1. Reciprocal rule
One of the biggest concerns a digital camera user has is not getting sharp photos even after investing so much money in the gear. In the majority of situations this might be because of wrong choice of shutter speed. This is where the reciprocal rule might help you, which makes sure that you use correct shutter speed.
The reciprocal rule states that the shutter speed of your digital camera should be at least the reciprocal of the focal length you are clicking photos at. This means that your shutter speed should be equal to or faster than ‘1/focal length’.
So for example if you are using the 100-400mm lens, so practically your shutter speed at 100mm should be 1/100 sec or faster. Similarly if you shoot at 400mm, you must keep your shutter speed at 1/400 sec or faster. If you use a slower shutter speed than the reciprocal of the focal length, there are higher chances of camera shake ruining your photo.
2. Depth of field
Depth of field is the area that appears acceptably sharp, ahead and behind the point where you set the focus of the camera.
Depth of field can be classified as:
1) Shallow depth of field = less area appears sharp ahead and behind the subject = more blur effect
2) Deep depth of field = more area appears sharp ahead and behind the subject = less blur effect
You must have heard people say that if you use a crop-sensor camera, you can increase the focal length by 1.5 or 1.6 times because of the crop factor. But what exactly is this crop factor? Let me answer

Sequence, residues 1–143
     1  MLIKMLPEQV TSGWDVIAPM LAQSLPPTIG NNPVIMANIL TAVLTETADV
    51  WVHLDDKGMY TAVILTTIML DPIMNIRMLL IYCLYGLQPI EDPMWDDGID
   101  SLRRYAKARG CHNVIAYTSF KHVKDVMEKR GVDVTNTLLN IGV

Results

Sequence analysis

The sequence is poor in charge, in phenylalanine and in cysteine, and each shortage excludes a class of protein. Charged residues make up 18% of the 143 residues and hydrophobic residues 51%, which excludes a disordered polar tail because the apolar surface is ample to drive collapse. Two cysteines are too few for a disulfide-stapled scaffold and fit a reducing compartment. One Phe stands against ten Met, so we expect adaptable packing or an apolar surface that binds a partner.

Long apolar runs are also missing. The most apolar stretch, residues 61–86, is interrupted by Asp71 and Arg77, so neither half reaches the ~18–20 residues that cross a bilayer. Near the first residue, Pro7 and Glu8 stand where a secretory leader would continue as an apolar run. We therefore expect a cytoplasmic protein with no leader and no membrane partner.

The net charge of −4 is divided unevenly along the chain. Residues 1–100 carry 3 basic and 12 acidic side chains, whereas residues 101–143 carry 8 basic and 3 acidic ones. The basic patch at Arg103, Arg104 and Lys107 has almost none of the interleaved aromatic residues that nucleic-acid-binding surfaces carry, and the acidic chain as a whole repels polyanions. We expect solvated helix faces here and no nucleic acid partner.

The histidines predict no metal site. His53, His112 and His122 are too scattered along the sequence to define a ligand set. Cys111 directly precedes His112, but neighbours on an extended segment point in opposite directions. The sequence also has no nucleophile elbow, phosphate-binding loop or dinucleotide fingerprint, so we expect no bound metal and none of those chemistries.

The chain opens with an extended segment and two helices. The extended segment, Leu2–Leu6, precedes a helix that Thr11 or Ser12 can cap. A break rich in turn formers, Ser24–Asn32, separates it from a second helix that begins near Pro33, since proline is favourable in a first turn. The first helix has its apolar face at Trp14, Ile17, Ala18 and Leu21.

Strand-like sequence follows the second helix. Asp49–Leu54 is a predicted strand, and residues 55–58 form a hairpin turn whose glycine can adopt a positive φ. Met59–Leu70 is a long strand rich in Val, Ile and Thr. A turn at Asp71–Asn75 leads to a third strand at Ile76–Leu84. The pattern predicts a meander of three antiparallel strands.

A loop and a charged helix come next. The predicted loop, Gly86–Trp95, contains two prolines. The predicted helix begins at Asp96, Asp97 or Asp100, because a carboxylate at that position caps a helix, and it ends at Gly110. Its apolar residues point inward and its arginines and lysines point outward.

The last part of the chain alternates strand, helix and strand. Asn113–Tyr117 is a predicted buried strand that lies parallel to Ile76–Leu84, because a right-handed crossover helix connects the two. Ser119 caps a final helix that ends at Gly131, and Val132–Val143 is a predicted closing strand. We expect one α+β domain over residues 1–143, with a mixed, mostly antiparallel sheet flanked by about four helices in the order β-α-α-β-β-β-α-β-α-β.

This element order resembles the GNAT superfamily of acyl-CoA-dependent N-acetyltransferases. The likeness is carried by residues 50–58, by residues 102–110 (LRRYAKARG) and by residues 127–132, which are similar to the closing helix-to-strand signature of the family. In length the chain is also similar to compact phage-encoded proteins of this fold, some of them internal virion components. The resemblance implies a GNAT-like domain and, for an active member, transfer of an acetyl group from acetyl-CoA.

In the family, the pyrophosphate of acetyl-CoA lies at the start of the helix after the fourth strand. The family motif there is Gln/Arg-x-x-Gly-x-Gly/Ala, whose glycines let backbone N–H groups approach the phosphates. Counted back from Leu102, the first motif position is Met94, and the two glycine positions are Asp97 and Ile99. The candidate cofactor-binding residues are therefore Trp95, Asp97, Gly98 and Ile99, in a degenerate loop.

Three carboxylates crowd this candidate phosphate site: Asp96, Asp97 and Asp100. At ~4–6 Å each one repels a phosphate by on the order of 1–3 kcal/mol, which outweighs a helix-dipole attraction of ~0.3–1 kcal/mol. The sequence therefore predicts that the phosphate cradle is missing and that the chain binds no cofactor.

Largely there are two types of digital cameras being used, full-frame camera and crop-sensor camera. The sensor used in the full-frame camera is considered as the standard and thus when you use any lens on it the focal length remains the same as mentioned.
Because the sensor size of the crop-sensor camera is smaller as compared to that in a full-frame sensor camera, the effective focal length on a crop-sensor camera gets multiplied by 1.5x (in Nikon cameras) and 1.6x (in Canon cameras). This 1.5x or 1.6x multiplication in effective focal length is known as the crop factor.
4. Focal length
Have you ever wondered what the number mentioned in ‘mm’ on your lens actually means? Well that is the focal length range of your camera lens. But what exactly is focal length and how is it calculated?
Focal length is the distance between the camera sensor and the point where light rays converge inside the lens, and this distance is measured in millimeters (mm). So when you are clicking photos at 50mm, the distance between the sensor and the point of convergence inside the lens is 50 millimeters. Similarly, if you move from 18mm to 55mm in your 18-55mm kit lens, the distance between the two changes to 55mm.
5. Exposure stops
Exposure ‘stop’ is a term used to denote the increase or decrease of exposure by double or half. And you must also know that the exposure depends on three factors: aperture value, shutter speed, and ISO value. So when someone says increase the exposure by one ‘stop’, it means that you have to double the exposure. And, when someone says reduce the exposure by one ‘stop’, it means you have to reduce the exposure by half.
Now in order to increase/decrease the exposure you can adjust three settings:
1) Shutter speed: if you take the shutter speed from 1/100 sec to 1/200 sec, you reduce the exposure by half. But you can double the exposure by using 1/50 sec.
2) Aperture: if you take the aperture value from f/4 to f/5.6, you reduce the exposure by half. But you can double the exposure by using f/2.8.
3) ISO: if you take the ISO value from ISO 400 to ISO 200, you reduce the exposure by half. But you can double the exposure by using ISO 800.
I hope this article helped you learn about 5 interesting photography terms that can help you improve your photography skills.
Author Bio: Kunal Malhotra (@the.photography.blogger) is a professional photographer and digital photography instructor on YouTube and Instagram. He loves sharing basic and advanced photography related tips and tricks in the form of videos on his digital platforms.